Today I installed Ubuntu 18.04 (works on 20.04 too) on my desktop to try it out. I proceeded to run a simple df command to check which filesystems were mounted and was baffled by all of the extra devices that were mounted because of snap and systemd.
This is how my initial df output looked:
As you can see it’s a lot of information, most of which is not useful for me.
I did a quick search on how to fix it and found a bunch of bickering holy wars about snap vs. flatpak. After some good old RTFMing ( man df ) I found a solution:
Use the df command’s -x ( eXclude ) option to ignore filesystems that you don’t care to know about. The -h is used to make the size outputs “human readable” i.e. MB/GB/TB instead of just counting 1K blocks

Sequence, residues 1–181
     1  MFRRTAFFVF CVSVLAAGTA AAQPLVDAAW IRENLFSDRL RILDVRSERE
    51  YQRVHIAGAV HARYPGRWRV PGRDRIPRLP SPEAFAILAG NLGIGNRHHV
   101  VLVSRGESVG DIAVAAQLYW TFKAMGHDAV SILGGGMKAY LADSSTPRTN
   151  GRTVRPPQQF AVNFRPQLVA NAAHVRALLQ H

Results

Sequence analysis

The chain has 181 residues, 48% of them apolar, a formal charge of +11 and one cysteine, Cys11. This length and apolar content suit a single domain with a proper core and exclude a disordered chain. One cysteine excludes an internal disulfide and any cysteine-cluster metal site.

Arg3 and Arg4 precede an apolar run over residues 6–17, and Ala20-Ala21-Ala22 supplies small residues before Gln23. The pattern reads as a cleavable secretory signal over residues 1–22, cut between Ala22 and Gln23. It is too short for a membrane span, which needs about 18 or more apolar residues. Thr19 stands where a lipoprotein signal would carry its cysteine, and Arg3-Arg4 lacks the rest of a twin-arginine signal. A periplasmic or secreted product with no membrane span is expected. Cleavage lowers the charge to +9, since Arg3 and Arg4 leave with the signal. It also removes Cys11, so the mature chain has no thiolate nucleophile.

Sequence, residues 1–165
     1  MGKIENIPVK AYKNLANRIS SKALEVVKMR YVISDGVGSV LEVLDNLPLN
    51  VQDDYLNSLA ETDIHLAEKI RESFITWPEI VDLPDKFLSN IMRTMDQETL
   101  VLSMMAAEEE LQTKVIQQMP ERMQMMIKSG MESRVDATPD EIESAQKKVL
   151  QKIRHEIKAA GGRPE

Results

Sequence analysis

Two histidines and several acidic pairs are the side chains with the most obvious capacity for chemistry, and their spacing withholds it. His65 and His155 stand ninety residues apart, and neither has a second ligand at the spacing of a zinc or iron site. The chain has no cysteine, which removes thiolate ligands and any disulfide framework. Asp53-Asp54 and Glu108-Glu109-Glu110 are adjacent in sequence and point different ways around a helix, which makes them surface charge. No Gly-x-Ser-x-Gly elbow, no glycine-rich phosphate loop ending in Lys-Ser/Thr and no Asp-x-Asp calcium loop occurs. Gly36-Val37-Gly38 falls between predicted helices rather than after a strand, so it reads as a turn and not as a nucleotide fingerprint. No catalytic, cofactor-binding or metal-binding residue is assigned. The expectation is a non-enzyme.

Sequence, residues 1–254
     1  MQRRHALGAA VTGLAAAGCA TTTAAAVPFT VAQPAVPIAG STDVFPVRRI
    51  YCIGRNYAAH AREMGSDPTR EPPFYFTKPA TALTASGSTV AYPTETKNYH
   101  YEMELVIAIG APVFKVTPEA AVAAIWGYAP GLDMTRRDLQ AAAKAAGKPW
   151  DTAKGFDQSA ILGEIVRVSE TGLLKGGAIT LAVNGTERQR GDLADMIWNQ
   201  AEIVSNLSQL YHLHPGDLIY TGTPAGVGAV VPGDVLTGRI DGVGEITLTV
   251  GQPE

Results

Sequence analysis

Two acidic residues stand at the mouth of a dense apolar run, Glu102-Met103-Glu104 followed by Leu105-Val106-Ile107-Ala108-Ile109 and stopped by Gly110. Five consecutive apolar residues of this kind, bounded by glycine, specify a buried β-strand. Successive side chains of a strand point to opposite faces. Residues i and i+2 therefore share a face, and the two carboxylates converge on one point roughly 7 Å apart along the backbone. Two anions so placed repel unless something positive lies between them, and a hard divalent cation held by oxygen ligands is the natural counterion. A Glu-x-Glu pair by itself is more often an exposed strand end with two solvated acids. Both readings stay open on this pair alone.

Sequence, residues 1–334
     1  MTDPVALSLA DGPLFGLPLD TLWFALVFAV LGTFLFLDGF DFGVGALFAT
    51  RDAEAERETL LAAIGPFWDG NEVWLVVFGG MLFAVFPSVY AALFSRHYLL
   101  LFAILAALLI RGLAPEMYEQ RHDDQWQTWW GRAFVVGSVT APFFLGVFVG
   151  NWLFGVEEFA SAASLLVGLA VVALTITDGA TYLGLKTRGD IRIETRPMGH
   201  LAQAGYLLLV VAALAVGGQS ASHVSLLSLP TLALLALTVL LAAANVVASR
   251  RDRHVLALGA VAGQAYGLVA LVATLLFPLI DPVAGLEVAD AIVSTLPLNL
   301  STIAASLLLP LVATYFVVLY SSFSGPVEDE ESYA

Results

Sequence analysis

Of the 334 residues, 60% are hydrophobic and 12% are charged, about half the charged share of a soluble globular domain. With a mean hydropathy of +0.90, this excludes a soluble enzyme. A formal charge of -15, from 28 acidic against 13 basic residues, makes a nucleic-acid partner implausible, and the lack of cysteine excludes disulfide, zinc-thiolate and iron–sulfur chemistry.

Create an alias for df using one of the following echo commands below. The first one will append your aliases in ~/.bash_aliases ( Ubuntu’s default ~/.bashrc sources this file ) If you are using another distro e.g. Fedora you can just add the alias to the end of your home directory’s .bashrc
For Ubuntu users
echo "alias df='df -h -x squashfs -x tmpfs -x devtmpfs'" >> ~/.bash_aliases
For other *nix users
echo "alias df='df -h -x squashfs -x tmpfs -x devtmpfs'" >> ~/.bashrc
Then either reopen your terminal or manually source the new alias by running:
Now just run
df from your terminal to quickly see your usable filesystems in a friendly human readable way.